BEIS to look again at cost of smart meters programme
Department for Business, Energy and Industrial Strategy also claimed it can still achieve its target of rolling out smart meters to three-quarters of UK homes by the end of next year
Image credit: Louise Haywood-Schiefer
The Department for Business, Energy and Industrial Strategy has said it will look again at how much its smart meters programme will cost, amid warnings that a predicted overspend could rise still further.
The department also claimed that it can still achieve its target of rolling out smart meters to three-quarters of UK homes by the end of next year – but admitted that this could be a “challenging” task.
BEIS has commissioned an updated cost-benefit analysis of the smart meters programme to report in summer, which will be made public, energy minister Claire Perry told the select committee that scrutinises the work of the department this week.
The programme, which began in 2009, originally aimed to install smart energy meters in every home in the UK by the end next year to help consumers save money by giving them a better understanding of their energy usage.
However, the programme has hit a number of roadblocks including delays in developing some of the technology required, and a problem with smart meters “going dumb” when consumers switch energy suppliers.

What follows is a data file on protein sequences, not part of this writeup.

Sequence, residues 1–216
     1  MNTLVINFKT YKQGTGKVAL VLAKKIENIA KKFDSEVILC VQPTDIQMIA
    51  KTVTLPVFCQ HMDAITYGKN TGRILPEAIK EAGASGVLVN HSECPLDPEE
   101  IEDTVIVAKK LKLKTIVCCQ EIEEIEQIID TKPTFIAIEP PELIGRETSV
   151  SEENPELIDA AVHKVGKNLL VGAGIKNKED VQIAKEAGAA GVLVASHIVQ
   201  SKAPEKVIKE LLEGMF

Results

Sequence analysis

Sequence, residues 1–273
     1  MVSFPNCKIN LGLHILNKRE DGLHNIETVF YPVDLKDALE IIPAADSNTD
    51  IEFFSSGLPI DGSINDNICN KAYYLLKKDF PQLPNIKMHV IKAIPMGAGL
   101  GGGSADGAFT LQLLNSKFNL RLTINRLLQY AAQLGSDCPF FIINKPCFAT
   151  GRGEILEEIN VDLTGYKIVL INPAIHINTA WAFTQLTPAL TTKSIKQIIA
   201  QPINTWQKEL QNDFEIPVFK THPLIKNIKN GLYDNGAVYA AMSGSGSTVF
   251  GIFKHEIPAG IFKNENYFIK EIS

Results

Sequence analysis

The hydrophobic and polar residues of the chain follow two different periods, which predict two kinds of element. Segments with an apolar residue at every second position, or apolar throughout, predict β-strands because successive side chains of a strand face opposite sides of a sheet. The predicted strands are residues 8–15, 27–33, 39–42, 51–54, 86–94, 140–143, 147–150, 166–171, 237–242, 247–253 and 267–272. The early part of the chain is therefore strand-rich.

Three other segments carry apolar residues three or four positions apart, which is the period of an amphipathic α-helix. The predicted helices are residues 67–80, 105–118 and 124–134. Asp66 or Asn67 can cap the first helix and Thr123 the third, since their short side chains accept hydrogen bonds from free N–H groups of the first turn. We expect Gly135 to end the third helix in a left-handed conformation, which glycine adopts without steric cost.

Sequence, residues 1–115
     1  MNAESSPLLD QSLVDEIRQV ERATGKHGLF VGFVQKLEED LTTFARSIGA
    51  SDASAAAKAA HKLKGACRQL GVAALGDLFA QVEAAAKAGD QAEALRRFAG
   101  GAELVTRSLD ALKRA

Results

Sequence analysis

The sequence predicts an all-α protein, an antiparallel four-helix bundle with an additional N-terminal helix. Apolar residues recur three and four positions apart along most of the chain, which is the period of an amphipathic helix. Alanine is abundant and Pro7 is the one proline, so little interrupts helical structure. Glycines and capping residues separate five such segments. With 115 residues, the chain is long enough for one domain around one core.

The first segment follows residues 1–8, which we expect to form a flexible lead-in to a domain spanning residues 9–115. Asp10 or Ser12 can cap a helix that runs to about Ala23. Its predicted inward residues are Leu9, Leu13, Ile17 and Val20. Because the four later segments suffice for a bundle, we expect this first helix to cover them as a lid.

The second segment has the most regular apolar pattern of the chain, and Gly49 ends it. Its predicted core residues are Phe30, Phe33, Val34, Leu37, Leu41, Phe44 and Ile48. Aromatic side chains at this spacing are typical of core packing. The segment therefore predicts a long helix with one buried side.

Energy suppliers now estimate that 70-75 per cent of households would have a smart meter by the 2020 deadline, the National Audit Office reported last year. The public spending watchdog also said the cost of the programme would rise to an estimated £11.5bn by the end of 2030 – £500m more than BEIS’s last estimate in 2016.
Some 12.8 million smart meters have now been installed – representing around 25 per cent of households – which will enable a “much better analysis” of the programme than previously, Perry said.
Also appearing before the committee was Darren Walker, senior reporting officer for the programme, who said the actual number of installations was likely to be higher as the 12.8 million figure was correct as of September and did not yet include those installed by small suppliers during 2018, which are counted up at the end of the year.
Responding to some MPs’ scepticism that as many as 75 per cents of households could have smart meters installed by the end of next year, Walker reassured the committee it was “certainly challenging but not out of the question that we can get to those levels”.
Both Perry and Walker acknowledged concerns that only 250,000 meters installed so far were second-generation SMETS-2 devices, which allow people to switch power providers remotely. BEIS had initially only intended to install 5.4 million first-generation SMETS-1 meters, but has already more than doubled that figure to make progress towards its target due to delays to the more sophisticated devices.
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